The geology of the Upper Wood River Valley is among the most complex in all of Idaho. Massive earth movements, glaciers, volcanoes and subsurface intrusions all played a role in shaping the landscape you see around you today.
Mountain Building

Look around and you'll see three separate mountain ranges converging from the north, east and west. Bald Mountain, home of Sun Valley's famous ski slopes, rises to the west. The Pioneer Mountains lie just beyond the hills on the opposite side of the river to the east. Just north of Ketchum, the Boulder Mountains extend northwest into the Sawtooth National Recreation Area.

These mountain ranges are the product of colliding "tectonic plates" -- 50-mile-deep masses of subsurface rock -- that started bumping into each other some 150 million years ago. As the Pacific Ocean plate slid beneath the western coast of North America in what is now western Idaho, it forced the surface rock upward.

Although older rocks usually lie below successive layers of younger rock, the highest peaks of the Pioneer Range to the east contain some of the oldest rocks in Idaho (2,300 million years). Hyndman Peak is a massive quartzite of pre-Cambrian age. It was bent, folded and thrust heavenward by the mountain-building process of colliding tectonic plates and subsurface intrusions .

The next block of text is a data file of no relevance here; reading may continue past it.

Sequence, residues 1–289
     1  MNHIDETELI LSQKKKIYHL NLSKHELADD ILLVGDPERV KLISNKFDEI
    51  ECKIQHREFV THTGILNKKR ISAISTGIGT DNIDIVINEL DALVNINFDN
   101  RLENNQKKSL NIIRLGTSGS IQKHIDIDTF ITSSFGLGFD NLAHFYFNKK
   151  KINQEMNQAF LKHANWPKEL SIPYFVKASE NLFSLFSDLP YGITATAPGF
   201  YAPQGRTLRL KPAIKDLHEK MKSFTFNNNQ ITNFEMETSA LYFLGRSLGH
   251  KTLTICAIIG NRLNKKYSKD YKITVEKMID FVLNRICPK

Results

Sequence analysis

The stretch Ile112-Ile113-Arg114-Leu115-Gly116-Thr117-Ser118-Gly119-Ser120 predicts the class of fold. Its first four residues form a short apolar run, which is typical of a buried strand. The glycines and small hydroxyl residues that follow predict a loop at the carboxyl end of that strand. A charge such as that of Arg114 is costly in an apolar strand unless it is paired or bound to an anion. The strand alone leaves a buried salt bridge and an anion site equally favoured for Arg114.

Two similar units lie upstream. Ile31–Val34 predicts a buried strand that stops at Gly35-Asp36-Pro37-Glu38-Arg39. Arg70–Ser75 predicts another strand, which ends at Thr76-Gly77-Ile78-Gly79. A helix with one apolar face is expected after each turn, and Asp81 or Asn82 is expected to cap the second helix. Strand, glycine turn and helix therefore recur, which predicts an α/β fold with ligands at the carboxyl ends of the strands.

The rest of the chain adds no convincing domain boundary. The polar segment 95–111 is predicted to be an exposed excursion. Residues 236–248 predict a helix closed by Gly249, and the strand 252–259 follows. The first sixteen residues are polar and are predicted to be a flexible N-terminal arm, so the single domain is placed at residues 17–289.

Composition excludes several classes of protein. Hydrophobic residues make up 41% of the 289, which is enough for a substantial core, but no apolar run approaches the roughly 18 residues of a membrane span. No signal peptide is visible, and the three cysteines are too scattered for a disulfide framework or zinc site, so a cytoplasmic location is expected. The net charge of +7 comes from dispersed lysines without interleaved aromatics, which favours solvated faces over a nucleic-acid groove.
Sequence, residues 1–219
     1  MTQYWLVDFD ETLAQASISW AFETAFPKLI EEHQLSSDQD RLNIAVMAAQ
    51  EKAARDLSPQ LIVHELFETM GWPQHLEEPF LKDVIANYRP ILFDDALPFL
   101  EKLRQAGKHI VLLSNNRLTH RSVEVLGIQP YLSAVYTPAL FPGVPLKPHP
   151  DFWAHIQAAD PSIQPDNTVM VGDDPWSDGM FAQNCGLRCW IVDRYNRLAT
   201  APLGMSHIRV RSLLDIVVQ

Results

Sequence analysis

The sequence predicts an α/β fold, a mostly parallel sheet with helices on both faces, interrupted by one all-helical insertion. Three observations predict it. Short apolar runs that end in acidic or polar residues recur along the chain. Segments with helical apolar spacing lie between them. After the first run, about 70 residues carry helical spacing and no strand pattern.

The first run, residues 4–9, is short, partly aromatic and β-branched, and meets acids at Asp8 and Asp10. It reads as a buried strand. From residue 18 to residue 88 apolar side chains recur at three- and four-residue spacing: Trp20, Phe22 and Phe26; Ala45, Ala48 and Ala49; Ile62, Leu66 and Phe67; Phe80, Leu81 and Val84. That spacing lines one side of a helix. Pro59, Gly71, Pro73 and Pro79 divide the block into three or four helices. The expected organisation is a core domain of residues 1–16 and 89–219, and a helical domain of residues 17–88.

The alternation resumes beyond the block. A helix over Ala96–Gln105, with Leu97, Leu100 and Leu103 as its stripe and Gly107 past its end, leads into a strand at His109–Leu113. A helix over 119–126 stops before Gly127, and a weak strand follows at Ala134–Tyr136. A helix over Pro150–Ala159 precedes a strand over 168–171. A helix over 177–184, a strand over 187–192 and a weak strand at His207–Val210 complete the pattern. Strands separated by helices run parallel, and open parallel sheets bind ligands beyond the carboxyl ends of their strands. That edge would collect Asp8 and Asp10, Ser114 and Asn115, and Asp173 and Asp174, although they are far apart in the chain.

Ice Age

The Wood River Valley is a graben -- a large U-shaped valley with a broad bottom created by heavy sheets of ice known as glaciers.

The most recent Ice Age left this area just 10,000 years ago, leaving a few remnant ice fields on Idaho's highest peaks.

Idaho Batholith

The subduction of the Pacific Plate beneath North America continues to this day, causing volcanic eruptions like the one at Mount St. Helens in 1980. Here in Idaho, an eruption occurred underground 50 million years ago creating a huge (18,000 square mile) mass of molten rock known as "magma."

Some of this liquid rock squeezed up to the surface. Most of it stayed well below the Earth's crust, pushing upward against many of Idaho's mountain ranges, making them rise ever higher. Eventually, the magma cooled and hardened. The cooled rock is known today as the Idaho Batholith.

The mountains to the west, including Bald Mountain, are underlain by granitic rocks of the Idaho Batholith. The rocks near the surface are layers of sandstone deposited in an ancient sea more than 600 million years ago.

Outcrops of the Idaho Batholith are easily recognized. The granite has a salt and pepper appearance, made up of biotite mica, hornblende, plagioclase feldspar and quartz.

Digital Atlas of Idaho

Michael Hofferber
Michael Hofferber

phone (208) 886-2963
fax (209) 396-8354
Box 277
Shoshone, ID 83352-0277